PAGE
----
I love a feel-good movie as much as anybody – but I prefer them to be nutritious. Let’s say I want my escapism to make me think as well as feel. Gurinder Chada’s exceptionally pleasing “Bend it Like Beckham” checks all the marks. It was that rare movie that on a second viewing had me literally getting off my chair as the credits rolled and doing a little jig. (I can’t believe I just admitted this.) This is the coming of age story – of Jesminder Bhamra – who lives with her Indian Sikh family in London and dreams of playing football (soccer in the US). What makes this film unexpectedly rich is the specificity of the ethics and culture that surrounds the story. As we watch Jess come into her own – we get to experience with vibrancy of detail an ever-changing England and its immigrant culture. There’s charm galore in this one.
Last Fall, I got the pleasure of meeting director Gurinder Chadha who is herself British of Indian origin. Like “Bend It Like Beckam” – her films explore the lives of Indians living in England and how they must reconcile the collision of traditional and modern cultures. Although many of her films seem like simplistic quirky comedies, she addresses social issues. Jesminder – is caught between two worlds – and is learning how to navigate them both. Chadha also deals with sexism as well as homophobia.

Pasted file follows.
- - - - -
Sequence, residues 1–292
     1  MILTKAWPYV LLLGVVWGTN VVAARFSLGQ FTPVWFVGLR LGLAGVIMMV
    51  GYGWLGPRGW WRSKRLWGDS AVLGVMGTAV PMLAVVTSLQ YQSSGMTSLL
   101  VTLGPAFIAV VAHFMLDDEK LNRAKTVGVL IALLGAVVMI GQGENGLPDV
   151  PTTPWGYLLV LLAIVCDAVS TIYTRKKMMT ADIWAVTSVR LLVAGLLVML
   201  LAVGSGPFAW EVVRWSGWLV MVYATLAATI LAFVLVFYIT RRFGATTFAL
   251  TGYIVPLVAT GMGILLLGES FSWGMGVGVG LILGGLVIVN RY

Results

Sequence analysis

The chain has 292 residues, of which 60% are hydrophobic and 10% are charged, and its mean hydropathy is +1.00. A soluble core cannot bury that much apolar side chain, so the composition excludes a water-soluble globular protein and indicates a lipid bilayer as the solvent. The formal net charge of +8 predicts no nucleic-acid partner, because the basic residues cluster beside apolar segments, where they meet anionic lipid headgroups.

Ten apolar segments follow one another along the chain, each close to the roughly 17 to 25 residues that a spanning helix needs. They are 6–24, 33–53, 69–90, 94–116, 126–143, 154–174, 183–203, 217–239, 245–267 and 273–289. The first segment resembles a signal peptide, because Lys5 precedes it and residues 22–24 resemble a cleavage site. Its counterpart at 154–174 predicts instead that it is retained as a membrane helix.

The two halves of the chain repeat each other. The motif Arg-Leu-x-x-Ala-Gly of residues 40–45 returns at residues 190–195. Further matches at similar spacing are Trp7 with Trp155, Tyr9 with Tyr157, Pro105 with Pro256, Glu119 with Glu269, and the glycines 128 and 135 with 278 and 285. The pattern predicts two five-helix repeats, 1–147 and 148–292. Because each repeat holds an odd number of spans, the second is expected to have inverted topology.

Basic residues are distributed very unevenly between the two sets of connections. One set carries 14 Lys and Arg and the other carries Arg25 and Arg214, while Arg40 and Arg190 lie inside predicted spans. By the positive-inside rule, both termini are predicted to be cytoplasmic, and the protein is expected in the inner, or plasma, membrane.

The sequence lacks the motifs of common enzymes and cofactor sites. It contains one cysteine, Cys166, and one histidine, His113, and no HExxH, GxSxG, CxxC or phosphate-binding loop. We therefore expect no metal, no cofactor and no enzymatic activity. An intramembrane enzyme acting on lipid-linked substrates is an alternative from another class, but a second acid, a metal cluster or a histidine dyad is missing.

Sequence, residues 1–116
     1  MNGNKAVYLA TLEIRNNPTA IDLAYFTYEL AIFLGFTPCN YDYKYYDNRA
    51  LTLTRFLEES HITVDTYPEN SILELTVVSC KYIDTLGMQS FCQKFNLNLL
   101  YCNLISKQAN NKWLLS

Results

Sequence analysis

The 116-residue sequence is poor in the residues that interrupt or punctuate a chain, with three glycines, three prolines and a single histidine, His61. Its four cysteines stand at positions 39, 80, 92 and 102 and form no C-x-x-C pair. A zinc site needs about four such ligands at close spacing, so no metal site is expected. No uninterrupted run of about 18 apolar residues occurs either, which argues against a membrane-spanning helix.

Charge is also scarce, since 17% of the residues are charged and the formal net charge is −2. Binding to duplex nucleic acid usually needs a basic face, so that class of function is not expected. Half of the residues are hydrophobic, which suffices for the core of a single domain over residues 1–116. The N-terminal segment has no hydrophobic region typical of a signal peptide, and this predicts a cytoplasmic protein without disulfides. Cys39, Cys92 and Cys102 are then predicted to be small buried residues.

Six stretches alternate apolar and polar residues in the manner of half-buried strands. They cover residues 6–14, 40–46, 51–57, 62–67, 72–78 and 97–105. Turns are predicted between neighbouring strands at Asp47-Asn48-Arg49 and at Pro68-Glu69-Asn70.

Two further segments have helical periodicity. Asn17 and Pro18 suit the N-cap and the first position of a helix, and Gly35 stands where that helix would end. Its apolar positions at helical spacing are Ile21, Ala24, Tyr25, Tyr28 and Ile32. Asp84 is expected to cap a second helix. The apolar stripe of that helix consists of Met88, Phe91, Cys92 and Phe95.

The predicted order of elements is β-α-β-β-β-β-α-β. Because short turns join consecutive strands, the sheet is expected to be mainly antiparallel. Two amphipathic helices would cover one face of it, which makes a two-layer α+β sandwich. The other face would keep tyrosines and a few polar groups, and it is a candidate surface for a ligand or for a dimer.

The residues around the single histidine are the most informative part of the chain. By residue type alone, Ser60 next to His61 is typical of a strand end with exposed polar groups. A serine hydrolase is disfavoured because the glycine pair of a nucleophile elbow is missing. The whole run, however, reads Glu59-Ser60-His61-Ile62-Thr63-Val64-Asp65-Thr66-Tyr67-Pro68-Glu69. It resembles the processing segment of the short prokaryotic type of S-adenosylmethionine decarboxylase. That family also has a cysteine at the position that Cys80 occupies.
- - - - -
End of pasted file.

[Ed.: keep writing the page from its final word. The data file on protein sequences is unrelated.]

Jess’ Indian family is very strict and wants her to focus in her studies and not play soccer for she’s a woman. Her room is wallpapered with photos of her idol – football player David Beckham. A poster of him hangs above her bed and she speaks to it about her trials and tribulations. Furtively Jess plays in the park with other Indian boys – and one day she’s spotted by Juliette “Jules” Paxton who encourages her to try out for the local women’s football team. Of course, she makes it but has to figure out ways to sneak out and keep her family from knowing she’s breaking the norm. In the meantime, her sister “Pinky” is planning a big traditional wedding and her family is distracted by all the pomp and circumstance of that event. We also get to see the side of Jules’ world. She’s encouraged by her dad to play soccer but not by her mom. “When are you going to realize you have a daughter with breasts, not a son!” she tells her husband.
Chadha gives enough pathos and the story never becomes too predictable nor a caricature. Her directing merges her Indian and Western influences and her montages are always contrasting the traditional and the contemporary world. At times it is what drives the humor. As when in the middle of the wedding engagement a cell phone goes off – and all the women in traditional saris are reaching for theirs. Her camera work is as dynamic and as nimble as Jess’ foot work on the field. The family works and lives near Heathrow, and Chadha uses the planes as powerful imagery symbolizing tradition and change.
This movie marked the breakthrough for many young actors including Archie Panjabi (“The Good Wife”), Jonathan Rhys Meyers and future Oscar nominee Keira Knightley. The film’s title refers to David Beckham, and his skill at scoring from free kicks by curling the ball past a wall of defenders – itself a good way to describe the irresistible appeal of this movie.